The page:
AUSTIN, Texas — Health concerns about e-cigarette use have increasingly come to public consciousness lately and Austin Public Health (APH) is recommending that people stay away from the devices.

  • APH wants the community to quit vaping
  • Use of e-cigarettes have been linked to confirmed cases of lung disease
  • APH is investigating possible case in Travis County

There has been an increase in cases of severe lung disease and seizures that are linked to e-cigarettes and what is known as “vaping,” the Centers for Disease Control and Prevention (CDC) and the U.S. Food and Drug Administration (FDA) are reporting. The CDC confirmed 380 cases of lung illnesses reported from 36 states, including Texas. The FDA is also investigating a possible link between e-cigarette use and seizures, tremors and other neurologic symptoms. The FDA has received more than 125 reports of seizures and other neurologic symptoms linked to the use of e-cigarettes. All reported cases have a history of e-cigarette or vaping use.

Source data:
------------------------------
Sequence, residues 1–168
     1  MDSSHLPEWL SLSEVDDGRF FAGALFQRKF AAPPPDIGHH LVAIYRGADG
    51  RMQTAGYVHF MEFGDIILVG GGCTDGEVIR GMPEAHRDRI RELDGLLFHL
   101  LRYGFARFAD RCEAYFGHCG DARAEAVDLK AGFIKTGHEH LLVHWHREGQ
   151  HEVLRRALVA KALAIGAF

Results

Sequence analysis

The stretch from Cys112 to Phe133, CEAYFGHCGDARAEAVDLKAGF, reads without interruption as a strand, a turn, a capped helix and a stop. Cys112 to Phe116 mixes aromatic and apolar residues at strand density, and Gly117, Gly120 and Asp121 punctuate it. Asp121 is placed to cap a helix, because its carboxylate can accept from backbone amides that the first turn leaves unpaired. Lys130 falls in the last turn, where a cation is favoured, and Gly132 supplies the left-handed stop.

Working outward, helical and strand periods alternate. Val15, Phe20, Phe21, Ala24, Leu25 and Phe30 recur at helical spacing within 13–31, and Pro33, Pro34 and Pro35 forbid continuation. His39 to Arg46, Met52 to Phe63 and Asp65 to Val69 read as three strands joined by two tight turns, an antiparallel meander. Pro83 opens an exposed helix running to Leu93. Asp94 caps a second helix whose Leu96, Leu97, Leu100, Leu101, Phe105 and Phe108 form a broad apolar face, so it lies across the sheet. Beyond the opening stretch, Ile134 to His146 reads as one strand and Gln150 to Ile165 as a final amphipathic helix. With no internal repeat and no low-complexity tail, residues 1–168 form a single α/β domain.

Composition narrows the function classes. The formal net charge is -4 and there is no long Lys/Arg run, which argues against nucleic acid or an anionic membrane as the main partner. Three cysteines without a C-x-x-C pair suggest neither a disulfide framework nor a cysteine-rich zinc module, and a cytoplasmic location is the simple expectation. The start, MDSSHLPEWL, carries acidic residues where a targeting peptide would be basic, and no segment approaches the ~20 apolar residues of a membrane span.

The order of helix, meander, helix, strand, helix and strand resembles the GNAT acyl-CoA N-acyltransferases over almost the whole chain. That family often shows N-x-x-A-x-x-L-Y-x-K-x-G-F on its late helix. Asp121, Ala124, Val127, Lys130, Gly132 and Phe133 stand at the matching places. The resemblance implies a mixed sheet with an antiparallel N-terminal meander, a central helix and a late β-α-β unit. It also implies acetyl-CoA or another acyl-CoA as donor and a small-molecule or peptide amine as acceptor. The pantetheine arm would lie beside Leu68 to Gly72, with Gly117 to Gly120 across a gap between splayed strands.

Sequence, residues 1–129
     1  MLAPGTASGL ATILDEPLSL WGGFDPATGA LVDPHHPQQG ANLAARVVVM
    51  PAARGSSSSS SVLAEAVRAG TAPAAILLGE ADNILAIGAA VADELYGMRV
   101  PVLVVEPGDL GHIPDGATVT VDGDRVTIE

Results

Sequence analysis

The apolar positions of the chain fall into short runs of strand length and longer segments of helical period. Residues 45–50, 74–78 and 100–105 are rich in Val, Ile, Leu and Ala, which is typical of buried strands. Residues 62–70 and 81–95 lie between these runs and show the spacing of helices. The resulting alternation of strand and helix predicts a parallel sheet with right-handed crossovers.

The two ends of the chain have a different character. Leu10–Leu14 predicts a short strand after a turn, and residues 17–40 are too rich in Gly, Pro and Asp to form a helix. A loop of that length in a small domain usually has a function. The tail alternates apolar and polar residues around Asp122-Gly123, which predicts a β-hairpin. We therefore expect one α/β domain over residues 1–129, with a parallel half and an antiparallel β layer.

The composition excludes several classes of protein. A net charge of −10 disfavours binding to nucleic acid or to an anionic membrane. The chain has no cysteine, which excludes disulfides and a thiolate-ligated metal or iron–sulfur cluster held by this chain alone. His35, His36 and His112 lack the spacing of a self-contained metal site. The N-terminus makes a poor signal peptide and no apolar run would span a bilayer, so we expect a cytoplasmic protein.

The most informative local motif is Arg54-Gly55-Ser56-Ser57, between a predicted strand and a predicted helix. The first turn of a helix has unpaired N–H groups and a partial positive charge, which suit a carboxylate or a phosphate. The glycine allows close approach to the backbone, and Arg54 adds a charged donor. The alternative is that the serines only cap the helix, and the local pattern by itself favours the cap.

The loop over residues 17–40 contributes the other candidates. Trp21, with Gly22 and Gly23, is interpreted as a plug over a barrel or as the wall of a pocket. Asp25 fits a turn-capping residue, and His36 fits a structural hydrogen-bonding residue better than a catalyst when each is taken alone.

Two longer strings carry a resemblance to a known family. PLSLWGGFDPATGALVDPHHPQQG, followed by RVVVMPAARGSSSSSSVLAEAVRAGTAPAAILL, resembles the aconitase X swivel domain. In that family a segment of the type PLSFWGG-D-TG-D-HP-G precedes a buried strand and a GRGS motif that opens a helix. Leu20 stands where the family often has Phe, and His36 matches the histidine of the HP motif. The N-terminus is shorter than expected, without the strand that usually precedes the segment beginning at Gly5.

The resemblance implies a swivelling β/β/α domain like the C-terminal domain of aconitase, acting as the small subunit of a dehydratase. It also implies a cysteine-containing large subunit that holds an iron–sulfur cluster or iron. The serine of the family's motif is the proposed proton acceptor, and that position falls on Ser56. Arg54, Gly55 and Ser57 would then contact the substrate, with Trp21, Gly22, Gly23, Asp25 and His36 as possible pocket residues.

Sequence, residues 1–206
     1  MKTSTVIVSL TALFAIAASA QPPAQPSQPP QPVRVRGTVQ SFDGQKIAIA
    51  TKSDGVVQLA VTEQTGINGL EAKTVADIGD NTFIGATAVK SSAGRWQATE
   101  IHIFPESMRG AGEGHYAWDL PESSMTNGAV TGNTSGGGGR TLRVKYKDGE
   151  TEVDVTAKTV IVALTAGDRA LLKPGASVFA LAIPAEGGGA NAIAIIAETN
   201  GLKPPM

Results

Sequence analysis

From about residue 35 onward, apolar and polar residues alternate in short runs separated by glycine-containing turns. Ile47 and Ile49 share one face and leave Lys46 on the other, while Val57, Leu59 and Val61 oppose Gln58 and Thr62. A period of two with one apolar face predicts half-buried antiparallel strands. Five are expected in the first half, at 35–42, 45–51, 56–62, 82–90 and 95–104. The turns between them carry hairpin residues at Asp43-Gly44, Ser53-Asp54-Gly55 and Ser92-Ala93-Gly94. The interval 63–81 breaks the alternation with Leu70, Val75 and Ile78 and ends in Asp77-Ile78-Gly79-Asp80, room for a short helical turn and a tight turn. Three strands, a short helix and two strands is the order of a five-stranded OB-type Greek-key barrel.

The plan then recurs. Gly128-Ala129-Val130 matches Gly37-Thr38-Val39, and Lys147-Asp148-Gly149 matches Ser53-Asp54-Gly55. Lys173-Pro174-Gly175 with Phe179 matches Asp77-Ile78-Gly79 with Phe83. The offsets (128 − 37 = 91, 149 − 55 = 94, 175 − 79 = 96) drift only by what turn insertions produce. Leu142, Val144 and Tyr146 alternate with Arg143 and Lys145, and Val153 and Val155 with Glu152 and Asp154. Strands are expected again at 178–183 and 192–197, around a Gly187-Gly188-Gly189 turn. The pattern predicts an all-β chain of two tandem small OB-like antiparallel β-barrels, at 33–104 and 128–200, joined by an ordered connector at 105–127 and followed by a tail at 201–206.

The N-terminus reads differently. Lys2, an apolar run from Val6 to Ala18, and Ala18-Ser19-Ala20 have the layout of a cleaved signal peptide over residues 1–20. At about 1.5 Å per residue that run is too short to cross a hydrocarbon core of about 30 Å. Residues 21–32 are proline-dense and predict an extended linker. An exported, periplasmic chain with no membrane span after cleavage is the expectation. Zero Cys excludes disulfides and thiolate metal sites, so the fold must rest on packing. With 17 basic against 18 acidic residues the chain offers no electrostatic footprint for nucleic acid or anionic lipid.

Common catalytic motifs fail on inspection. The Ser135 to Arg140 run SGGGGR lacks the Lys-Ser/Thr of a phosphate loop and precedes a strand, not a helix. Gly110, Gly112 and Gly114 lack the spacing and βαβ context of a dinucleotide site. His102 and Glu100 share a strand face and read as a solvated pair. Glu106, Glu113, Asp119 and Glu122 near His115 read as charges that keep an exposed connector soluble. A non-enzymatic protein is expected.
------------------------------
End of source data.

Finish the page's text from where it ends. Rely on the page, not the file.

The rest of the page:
Officials are investigating more local cases.

“In Austin - Travis County, we have one possible case which was reported to us yesterday. We will be in the process today of investigating that case to determine of it fits the case definition as given to us by the CDC,” Austin Public Health’s Dr. Mark Escott said.

Austin Public Health, in conjunction with community partners, is doing extensive social media outreach to warn the community about the dangers of e-cigarette use. They also want to make sure you are aware of the symptoms linked to the severe lung disease associated with vaping.

The symptoms of lung disease reported by patients in this outbreak include:

  • Coughing, shortness of breath, chest pain
  • Nausea, vomiting
  • Diarrhea
  • Fatigue
  • Fever
  • Weight loss

The department is also said the biggest users of e-cigarettes are middle school students.

“We do see that vaping is much more prevalent in the younger population. In fact, it’s about twice that in the adult population. And we see that youth as young as middle school age are vaping. So it is really important for parents to have these conversations early,” an Austin Public Health spokesperson said.